What is striking about all this work is its consistency. Blanchflower first identified a U-shaped happiness curve in a paper published in 2007, which found that “wellbeing reaches a minimum, on both sides of the Atlantic, in people’s mid-to-late 40s”.
One point from Blanchflower’s studies is that no matter where you are, money can’t buy you happiness. His latest work – carried out when unemployment is at historic lows in many countries – confirms this. He pinpoints 47.2 as the age of peak unhappiness in the developed world, and 48.2 in developing nations.
“The curve’s trajectory holds true in countries where the median wage is high and where it is not, and where people tend to live longer and where they don’t,” Blanchflower says in the study, published by the National Bureau of Economic Research. But this is not to say that our wellbeing is independent of external events.
“The onset of the Great Recession (following the banking crisis of 2008) seems to have particularly impacted the prime age and especially those with low levels of education,” Blanchflower, 67, told me via email from Key West, where the temperature was 27C and he described himself as happy.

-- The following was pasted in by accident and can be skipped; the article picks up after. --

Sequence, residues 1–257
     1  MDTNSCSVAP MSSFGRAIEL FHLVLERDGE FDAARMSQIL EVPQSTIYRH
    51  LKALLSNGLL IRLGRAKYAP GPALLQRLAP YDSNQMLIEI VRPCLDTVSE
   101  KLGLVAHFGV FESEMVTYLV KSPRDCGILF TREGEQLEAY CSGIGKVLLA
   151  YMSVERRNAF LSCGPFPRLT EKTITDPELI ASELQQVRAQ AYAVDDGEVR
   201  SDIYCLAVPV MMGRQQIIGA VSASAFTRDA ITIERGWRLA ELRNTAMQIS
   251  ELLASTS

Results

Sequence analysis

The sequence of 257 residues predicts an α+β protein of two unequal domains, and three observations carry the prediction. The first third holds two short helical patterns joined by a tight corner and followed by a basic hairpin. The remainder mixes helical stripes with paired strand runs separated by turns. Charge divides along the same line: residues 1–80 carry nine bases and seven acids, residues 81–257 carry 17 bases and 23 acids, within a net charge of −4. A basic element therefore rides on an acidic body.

In the US, he says, the academics Angus Deaton and Anne Case have documented deaths of despair especially relating to these groups from suicide and drug poisonings.
Blanchflower’s work suggests when people are at their least happy, but not why. Attempts to bridge this gap, to meld the fields of economics and psychology, became fashionable shortly after the millennium and then bled into the political world. Since 2005, the Organisation for Economic Co-operation and Development has published its How’s Life? survey, which charts the wellbeing of people in 41 countries. In 2007, the economist Richard Layard was made the UK’s happiness tsar. The next year, the French president Nicolas Sarkozy asked the rock-star economists Amartya Sen, Joseph Stiglitz and Jean-Paul Fitoussi to find alternatives to GDP as a measure of a country’s health. The idea was revived last year when the New Zealand prime minister, Jacinda Ardern, pledged her government would put wellbeing at the centre of its budgets.
While Blanchflower believes politicians now understand the need to take happiness seriously, he fears they do not appreciate their role in its delivery. “They are getting happiness more but I think we need to understand that politicians imposed failed reckless austerity, which broke down social ties even more.”